1. Annoyingly complicated. “DWIM is incredibly hairy.”
2. Incomprehensible. “DWIM is incredibly hairy.”
3. Of people, high-powered, authoritative, rare, expert, and/or incomprehensible. Hard to explain except in context: “He knows this hairy lawyer who says there's nothing to worry about.” See also hirsute.
There is a theorem in simplicial homology theory which states that any continuous tangent field on a 2-sphere is null at least in a point. Mathematically literate hackers tend to associate the term ‘hairy’ with the informal version of this theorem; “You can't comb a hairy ball smooth.” (Previous versions of this entry associating the above informal statement with the Brouwer fixed-point theorem were incorrect.)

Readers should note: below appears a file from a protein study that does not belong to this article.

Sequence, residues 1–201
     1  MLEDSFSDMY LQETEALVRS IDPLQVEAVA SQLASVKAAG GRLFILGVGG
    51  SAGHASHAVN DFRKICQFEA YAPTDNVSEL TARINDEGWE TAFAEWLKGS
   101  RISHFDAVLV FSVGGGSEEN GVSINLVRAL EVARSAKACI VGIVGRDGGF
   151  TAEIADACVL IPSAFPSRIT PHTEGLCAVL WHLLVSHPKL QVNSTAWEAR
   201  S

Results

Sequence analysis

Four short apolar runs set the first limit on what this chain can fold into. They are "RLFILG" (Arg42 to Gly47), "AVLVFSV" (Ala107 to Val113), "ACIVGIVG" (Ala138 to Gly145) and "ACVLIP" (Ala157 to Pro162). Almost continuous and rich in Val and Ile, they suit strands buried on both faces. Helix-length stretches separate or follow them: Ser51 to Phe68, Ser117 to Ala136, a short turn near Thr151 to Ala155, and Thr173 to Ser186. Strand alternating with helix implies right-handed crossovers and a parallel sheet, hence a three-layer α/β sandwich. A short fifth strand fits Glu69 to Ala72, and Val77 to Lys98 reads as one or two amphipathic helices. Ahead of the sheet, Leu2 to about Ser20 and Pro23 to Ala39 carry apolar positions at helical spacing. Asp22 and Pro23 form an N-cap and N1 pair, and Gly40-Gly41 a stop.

The adjective ‘long-haired’ is well-attested to have been in slang use among scientists and engineers during the early 1950s; it was equivalent to modern hairy senses 1 and 2, and was very likely ancestral to the hackish use. In fact the noun ‘long-hair’ was at the time used to describe a person satisfying sense 3. Both senses probably passed out of use when long hair was adopted as a signature trait by the 1960s counterculture, leaving hackish hairy as a sort of stunted mutant relic.
In British mainstream use, “hairy” means “dangerous”, and consequently, in British programming terms, “hairy” may be used to denote complicated and/or incomprehensible code, but only if that complexity or incomprehesiveness is also considered dangerous.